In multilevel systems, patterns of regional and national political careers reflect processes of regionalisation and federalisation. Yet the effects of regionalism on the orientation of legislative careers remain disputed. Such disputes result from the choice of the unit of analysis, the scarcity of comparative research across countries and over time, and bias in case selection. This article offers a systematic intranational comparative analysis of ‘sister regions’ in four countries that are examples of weak and strong regionalism. It tests the regionalism hypothesis based on an original comparative dataset of 4662 regional and national political careers in Belgium, Canada, Spain, and the UK. The results demonstrate that regionalism matters: regional legislative elites emerge more clearly in polities in which regionalism is stronger. The regionalism hypothesis is particularly supported in Spain and Canada, which have a longer history of regional institutions, but that trend is also confirmed in the UK and Belgium. [less ▲]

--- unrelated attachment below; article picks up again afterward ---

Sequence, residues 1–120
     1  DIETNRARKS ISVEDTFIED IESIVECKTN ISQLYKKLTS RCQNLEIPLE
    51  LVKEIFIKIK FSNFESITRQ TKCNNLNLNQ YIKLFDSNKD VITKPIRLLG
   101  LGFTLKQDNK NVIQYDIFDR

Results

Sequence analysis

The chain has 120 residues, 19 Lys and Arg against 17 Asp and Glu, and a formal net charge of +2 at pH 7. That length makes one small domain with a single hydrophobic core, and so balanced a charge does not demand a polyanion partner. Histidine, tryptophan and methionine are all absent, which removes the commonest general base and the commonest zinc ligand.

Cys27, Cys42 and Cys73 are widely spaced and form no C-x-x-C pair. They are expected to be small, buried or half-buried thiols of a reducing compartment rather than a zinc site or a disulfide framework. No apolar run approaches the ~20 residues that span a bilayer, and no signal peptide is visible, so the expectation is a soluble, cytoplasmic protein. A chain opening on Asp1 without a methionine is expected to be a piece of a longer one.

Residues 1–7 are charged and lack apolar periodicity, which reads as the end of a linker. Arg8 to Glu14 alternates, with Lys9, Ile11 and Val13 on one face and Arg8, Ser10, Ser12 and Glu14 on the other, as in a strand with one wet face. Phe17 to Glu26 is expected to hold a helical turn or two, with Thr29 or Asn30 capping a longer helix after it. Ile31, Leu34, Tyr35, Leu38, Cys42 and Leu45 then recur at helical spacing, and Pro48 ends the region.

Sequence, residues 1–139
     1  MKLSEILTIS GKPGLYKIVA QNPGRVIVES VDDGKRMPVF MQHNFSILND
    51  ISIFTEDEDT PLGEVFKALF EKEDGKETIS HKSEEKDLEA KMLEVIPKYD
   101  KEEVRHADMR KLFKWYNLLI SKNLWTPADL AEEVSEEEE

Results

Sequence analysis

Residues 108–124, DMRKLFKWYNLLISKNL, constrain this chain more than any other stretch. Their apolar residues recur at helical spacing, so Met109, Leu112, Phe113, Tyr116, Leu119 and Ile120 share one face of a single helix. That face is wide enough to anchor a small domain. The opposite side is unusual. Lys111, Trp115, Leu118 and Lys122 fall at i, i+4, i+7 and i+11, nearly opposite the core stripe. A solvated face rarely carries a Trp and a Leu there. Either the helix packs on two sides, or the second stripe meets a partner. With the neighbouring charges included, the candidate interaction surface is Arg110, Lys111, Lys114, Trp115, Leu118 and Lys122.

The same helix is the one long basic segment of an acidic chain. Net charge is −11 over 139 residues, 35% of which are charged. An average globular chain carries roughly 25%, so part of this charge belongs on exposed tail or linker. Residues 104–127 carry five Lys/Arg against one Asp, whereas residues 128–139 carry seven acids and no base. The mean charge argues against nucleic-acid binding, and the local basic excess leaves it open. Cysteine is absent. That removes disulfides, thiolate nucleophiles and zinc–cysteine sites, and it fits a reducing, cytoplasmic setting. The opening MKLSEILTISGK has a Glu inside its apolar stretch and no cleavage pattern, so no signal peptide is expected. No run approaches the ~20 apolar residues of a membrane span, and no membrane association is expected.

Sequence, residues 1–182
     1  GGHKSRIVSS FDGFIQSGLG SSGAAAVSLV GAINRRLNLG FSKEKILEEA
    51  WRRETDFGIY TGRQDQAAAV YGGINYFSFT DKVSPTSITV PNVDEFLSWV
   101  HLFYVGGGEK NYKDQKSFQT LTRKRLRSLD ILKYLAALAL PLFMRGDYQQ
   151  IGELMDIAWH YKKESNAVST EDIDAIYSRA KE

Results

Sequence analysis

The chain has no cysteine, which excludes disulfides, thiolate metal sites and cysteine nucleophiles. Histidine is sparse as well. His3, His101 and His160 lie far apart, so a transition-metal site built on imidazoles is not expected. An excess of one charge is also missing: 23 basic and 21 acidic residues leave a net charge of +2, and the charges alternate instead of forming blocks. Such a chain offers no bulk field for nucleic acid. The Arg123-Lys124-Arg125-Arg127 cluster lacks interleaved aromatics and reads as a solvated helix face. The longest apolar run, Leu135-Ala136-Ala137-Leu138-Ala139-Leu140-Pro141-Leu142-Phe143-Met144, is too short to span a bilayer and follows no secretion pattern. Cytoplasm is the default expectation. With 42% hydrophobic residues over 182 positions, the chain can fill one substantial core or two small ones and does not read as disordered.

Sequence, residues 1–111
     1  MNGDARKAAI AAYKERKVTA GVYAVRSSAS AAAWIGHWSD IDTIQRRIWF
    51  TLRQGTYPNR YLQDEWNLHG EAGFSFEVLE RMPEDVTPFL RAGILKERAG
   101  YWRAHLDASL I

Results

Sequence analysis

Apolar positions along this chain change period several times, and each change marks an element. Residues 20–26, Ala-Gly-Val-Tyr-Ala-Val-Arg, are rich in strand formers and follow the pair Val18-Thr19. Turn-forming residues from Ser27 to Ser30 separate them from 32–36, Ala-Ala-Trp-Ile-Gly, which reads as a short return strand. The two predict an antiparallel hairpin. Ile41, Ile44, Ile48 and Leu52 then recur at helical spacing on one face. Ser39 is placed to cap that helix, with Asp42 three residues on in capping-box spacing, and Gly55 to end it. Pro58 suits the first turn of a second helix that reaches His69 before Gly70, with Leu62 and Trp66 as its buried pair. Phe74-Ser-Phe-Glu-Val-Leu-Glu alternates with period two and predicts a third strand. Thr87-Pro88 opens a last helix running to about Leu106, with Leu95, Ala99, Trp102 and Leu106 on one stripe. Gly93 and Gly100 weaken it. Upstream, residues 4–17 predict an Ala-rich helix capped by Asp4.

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See detailMore or less integration ? Explaining Candidates’ and Citizens’ Attitudes towards European Integration in 2014 Belgium
Defacq, Samuel; Dodeigne, Jérémy ULiege; Teuber, Ferdinand et al

in Vandeleene, Audrey; De Winter, Lieven; Baudewyns, Pierre (Eds.) Candidates between parties and voters in the Belgian partitocracy: a multilevel analysis (2018)

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See detailDo metaphors really matter politically? On the role of political knowledge on the framing effect of metaphors
Perrez, Julien ULiege; Heyvaert, Pauline ULiege; Vandeleene, Audrey et al